Somewhere in Manayunk, when the out-and-back section was only separated by orange cones, I heard someone yell my name. Who would know me here or know that I was running this? It was my old friend Steph Surch. She was running it and recognized me! I have not seen her in at least 3 years. She used to race pro bmx and her and her family use to take me to races all over the country. Now she is an ultra-runner and has done a 24-hour mountain bike race. How rad!
The last six miles were kind of brutal. Mary's knees were really bothering her and the back end of a marathon is a gritty sight as people struggle along well past their last bit of motivation. Mary kept running though! We were even passing people. She had run this section a bunch in training, but was frustrated with how much longer it took to get any where at our slow pace. So far at this point we had all been diligently eating our gels, but that was the only food we had. I had talked about how much I wanted a soft pretzel; Mary thought that eating a soft pretzel while running was the most revolting thing ever (and told me so whenever I brought it up). But then this guy had some! They were a little old, but hey, I got almost half of one and was elated to munch on it while I ran. Mary didn't look at me once.
Then were at the end. Just like that. Crowds lined the streets, cheered us on, etc and we ran across the finish with a time of 4 hours and 49 minutes. Christian had finished strong about 10 minutes earlier. Nice.
Thank you Mary, Christian and Brad for everything. It was so good to take this on with all of you. Much congratulations are in order. Yeah vegan team!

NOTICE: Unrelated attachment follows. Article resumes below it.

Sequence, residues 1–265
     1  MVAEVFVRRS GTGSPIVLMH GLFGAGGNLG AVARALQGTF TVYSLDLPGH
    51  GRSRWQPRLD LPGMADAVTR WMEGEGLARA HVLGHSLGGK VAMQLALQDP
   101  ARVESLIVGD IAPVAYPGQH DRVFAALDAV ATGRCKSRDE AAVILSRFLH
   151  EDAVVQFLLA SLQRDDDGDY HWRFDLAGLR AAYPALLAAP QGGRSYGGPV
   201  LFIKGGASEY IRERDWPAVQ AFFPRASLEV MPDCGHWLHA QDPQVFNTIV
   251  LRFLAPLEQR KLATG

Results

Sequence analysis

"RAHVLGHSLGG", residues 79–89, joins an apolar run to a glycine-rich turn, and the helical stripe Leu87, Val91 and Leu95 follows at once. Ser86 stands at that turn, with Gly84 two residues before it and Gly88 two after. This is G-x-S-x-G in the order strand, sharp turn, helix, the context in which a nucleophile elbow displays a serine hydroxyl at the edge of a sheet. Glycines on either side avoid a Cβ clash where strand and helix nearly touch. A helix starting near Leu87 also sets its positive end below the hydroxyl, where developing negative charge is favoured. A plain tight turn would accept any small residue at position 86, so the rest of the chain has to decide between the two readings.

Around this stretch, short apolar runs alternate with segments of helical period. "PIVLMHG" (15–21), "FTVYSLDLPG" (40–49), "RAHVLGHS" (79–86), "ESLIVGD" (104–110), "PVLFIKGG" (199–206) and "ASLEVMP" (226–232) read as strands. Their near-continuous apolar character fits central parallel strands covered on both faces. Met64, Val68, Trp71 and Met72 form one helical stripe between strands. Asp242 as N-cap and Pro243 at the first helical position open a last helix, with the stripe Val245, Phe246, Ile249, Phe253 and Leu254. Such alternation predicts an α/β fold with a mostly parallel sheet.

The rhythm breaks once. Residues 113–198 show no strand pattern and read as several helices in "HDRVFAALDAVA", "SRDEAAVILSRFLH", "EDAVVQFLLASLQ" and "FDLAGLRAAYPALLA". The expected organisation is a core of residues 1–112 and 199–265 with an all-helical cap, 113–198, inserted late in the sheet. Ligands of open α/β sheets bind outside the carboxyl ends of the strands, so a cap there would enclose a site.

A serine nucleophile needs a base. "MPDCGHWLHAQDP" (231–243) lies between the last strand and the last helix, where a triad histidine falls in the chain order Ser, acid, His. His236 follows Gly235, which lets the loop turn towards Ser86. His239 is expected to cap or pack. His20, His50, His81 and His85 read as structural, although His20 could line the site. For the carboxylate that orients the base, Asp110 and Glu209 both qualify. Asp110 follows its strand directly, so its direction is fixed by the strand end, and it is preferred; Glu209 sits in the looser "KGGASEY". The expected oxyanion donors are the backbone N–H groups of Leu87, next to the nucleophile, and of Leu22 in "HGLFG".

Brad has a report and some more tiny, blurry pics (cause that's all they'll let you see) on his myspace page.

16 November 2006

Fall Potluck at the A-partment

We had another Fall potluck this year (some call it the Circle of Dead Pilgrims) and our friend Jang Lee took a bunch of pictures. The food was really good, per usual, and it ended up turning into a bit of a party. Here are a couple of pics, but the rest can be found here.


Mike T full

Clyde and J. Lee with Brad's new cookbook (avail from Microcosm)

07 November 2006

Winter in Los Angeles

Maybe us bike kids do spend too much time together.

19 October 2006

Thus Climbed Zarathustra

Stephen Krchmer, the infamous journalist, put on a benefit race that was half alley-cat, half cyclo-cross. After a run-to-the-bike start you had to follow the route slip to a set of stairs, where you would hoist your bike up on your shoulder, run to the top, hop back on your bike and then race to the next set. Ten sets total throughout Echo Park and Silverlake. The race was really well run (thanks Stephen!) and about 30 people started it. There was even a prim and at the top of the last set the route sheet just said, ‘Now find your way back to the start.’ That’s a little tougher than it sounds when you are oxygen deprived and disoriented. Nonetheless, fresh off the 508, Team Bonobo ruled it 1-2-3, all on fixed. Alec came up fourth on the tall bike. Yeah, he carried the tall bike up all those stairs.
Thanks Stephen, all the people/companies that donated prizes and everyone who raced and helped to raise money for Orlando. It is some fucked up irony that someone who was pictured in double-paged ads (as a courier) for an insurance company, can’t afford health insurance.
Wire Donkey covered the race if you scroll down from here you can see it.